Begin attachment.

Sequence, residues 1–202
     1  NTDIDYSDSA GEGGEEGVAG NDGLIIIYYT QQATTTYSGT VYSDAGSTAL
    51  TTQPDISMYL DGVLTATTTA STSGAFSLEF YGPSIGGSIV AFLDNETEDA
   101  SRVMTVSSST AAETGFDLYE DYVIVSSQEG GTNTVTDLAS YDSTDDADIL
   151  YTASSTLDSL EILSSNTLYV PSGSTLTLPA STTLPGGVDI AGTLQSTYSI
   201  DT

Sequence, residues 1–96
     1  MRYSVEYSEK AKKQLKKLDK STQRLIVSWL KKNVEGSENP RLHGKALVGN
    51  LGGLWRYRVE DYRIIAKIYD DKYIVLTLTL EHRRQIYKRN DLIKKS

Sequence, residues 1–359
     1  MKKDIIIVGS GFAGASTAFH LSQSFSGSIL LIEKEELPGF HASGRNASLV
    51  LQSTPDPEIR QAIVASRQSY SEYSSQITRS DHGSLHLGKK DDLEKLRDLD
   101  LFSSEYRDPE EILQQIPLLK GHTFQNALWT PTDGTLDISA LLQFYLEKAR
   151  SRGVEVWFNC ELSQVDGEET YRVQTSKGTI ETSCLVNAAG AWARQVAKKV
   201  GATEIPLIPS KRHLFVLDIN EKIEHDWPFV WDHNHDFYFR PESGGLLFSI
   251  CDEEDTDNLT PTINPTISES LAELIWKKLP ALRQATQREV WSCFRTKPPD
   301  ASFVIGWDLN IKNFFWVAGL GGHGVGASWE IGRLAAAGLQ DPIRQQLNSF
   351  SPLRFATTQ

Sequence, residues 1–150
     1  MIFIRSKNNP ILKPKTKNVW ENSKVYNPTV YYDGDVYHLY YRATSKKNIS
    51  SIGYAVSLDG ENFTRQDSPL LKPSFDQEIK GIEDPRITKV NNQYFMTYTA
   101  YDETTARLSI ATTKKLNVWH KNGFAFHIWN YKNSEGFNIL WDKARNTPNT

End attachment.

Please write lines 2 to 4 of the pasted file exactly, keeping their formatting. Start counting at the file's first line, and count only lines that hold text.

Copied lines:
     1  NTDIDYSDSA GEGGEEGVAG NDGLIIIYYT QQATTTYSGT VYSDAGSTAL
    51  TTQPDISMYL DGVLTATTTA STSGAFSLEF YGPSIGGSIV AFLDNETEDA
   101  SRVMTVSSST AAETGFDLYE DYVIVSSQEG GTNTVTDLAS YDSTDDADIL